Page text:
It is important to understand that motorcycle insurance policies are separate from the insurance that it driver may have on their personal vehicle. They must have two separate policies if they own and operate a motorcycle and a traditional vehicle.
2020 Helmet Laws in Illinois
Illinois does not require that motorcyclists wear helmets. This is one of four states that make wearing a helmet while riding a motorcycle an option. However, just because motorcyclists are not required to wear helmets in Illinois does not mean they should not be worn at all. On the contrary, helmets have been proven to be particularly effective in preventing open head wounds and traumatic brain injuries in the event an accident occurs. It is important for a motorcyclist to choose a helmet that meets Department of Transportation requirements. All DOT-approved helmets will have the required safety standards found on the inside of the helmet.
Motorcyclists should ensure the helmet fits their head properly and should replace their helmet every three or four years or after any accident that occurs.
What if You Get Into a Motorcycle Crash?
If you or somebody you care about is involved in a motorcycle accident, it is important to take steps to ensure that everybody at the scene receives medical care if necessary. If there are any injuries or damages to vehicles involved, local law enforcement must be contacted. Exchange information with the other driver(s) involved, including their:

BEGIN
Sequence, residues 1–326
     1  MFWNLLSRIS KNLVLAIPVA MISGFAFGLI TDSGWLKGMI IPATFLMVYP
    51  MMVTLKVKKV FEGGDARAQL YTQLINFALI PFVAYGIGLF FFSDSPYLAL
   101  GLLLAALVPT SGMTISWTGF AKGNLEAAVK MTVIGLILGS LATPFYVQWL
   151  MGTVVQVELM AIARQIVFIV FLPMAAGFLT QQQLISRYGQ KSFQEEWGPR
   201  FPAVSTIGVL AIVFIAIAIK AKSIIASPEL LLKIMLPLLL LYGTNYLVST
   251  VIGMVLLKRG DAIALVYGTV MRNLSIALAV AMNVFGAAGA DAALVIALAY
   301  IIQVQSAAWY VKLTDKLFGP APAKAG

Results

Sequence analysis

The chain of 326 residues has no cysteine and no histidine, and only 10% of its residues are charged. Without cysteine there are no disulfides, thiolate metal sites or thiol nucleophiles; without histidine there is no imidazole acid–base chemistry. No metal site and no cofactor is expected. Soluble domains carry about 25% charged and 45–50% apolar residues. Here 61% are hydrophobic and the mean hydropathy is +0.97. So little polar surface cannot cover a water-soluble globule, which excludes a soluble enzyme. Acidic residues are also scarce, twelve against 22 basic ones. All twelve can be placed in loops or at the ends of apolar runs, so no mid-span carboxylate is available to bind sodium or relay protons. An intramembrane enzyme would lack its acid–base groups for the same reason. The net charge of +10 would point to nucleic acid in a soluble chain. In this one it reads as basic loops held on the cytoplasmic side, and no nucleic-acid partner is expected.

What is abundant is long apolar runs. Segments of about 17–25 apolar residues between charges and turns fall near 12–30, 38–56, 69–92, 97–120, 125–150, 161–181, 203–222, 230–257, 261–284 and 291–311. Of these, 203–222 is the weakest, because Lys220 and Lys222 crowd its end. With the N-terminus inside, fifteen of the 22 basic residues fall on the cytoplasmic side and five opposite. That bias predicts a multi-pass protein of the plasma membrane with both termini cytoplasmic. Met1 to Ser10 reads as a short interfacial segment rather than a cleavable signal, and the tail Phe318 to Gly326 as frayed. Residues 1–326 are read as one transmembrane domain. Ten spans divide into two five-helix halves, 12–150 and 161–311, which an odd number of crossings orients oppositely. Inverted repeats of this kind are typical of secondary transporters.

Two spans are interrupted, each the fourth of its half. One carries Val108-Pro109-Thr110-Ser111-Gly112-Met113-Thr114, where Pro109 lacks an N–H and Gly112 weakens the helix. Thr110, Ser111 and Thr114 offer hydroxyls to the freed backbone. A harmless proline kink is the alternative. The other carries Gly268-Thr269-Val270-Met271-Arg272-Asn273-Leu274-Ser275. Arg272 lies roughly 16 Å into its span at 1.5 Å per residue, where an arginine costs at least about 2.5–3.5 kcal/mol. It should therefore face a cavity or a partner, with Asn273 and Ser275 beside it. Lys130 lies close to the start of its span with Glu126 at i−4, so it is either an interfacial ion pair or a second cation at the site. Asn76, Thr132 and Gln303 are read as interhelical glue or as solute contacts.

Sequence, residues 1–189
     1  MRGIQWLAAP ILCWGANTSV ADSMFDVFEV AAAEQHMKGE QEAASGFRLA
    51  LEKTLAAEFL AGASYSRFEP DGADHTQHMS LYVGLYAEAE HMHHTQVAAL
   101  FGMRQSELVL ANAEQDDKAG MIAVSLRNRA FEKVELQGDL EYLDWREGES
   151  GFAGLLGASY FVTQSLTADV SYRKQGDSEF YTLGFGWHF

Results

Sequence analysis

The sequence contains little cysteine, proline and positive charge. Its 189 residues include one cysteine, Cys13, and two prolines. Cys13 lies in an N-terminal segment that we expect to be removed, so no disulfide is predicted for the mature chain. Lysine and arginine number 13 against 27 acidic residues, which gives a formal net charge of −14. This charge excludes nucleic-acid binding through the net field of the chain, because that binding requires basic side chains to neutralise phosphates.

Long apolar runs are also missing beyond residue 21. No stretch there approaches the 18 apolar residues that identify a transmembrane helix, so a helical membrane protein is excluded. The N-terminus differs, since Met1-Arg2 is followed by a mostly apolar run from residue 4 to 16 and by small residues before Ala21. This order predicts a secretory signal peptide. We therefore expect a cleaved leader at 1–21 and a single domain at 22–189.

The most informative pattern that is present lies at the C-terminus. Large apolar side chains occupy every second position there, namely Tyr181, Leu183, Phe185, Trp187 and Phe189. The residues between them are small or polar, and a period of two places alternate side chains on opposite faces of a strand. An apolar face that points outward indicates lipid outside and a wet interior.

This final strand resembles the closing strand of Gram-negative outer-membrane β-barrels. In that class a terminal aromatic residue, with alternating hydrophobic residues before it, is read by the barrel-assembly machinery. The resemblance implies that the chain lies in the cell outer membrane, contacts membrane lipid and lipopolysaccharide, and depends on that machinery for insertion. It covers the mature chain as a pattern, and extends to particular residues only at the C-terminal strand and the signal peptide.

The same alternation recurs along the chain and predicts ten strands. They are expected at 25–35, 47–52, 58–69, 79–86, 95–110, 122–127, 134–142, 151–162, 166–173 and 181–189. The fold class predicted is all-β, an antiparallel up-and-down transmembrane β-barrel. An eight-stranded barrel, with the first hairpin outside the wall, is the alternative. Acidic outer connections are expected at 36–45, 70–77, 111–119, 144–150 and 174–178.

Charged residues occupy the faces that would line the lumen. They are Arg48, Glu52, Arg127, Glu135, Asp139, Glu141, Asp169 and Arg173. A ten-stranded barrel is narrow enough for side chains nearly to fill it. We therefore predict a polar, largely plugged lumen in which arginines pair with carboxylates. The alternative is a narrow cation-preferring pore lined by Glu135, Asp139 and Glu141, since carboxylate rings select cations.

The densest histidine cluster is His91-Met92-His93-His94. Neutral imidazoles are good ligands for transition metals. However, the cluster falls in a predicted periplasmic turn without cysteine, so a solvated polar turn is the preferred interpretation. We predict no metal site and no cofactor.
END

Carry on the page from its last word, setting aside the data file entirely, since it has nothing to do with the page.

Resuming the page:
- Driver’s license number
- Insurance information
- Make, model, and year of their vehicle
Time Limit to File an Insurance Claim
If you are injured in a motorcycle crash, you should report the incident to your insurance carrier as soon as possible. Delaying reporting these claims could result in your insurance claim being denied by the at-fault party’s insurance carrier. If it is necessary to file a personal injury lawsuit to recover the compensation you need, please understand that Illinois has a two-year statute of limitations in place for these cases. This means that a motorcycle accident victim has a two-year window with which to file a claim against an alleged negligent party or they will lose the ability to recover any compensation for their losses.
Types of Compensation Available in Motorcycle Accident Cases
If you or somebody you love has been injured in a motorcycle crash caused by the negligence of another person, there may be various types of compensation available for your claim. This can include both economic and non-economic compensation, such as the following:
- Full coverage of medical bills related to the motorcycle crash
- Lost income if a victim cannot work
- General household out-of-pocket expenses caused by the crash
- Pain and suffering damages
- Loss of personal enjoyment damages
- Property damage expenses
- Possible punitive damages against a grossly negligent party
The total amount of compensation available for these cases will vary depending on the circumstances related to each particular situation. There is no set amount awarded in a Chicago motorcycle accident case. Factors that could affect compensation totals include the severity of the injuries, whether a victim is able to work while they recover, whether a victim is disabled, pain and suffering involved, and more.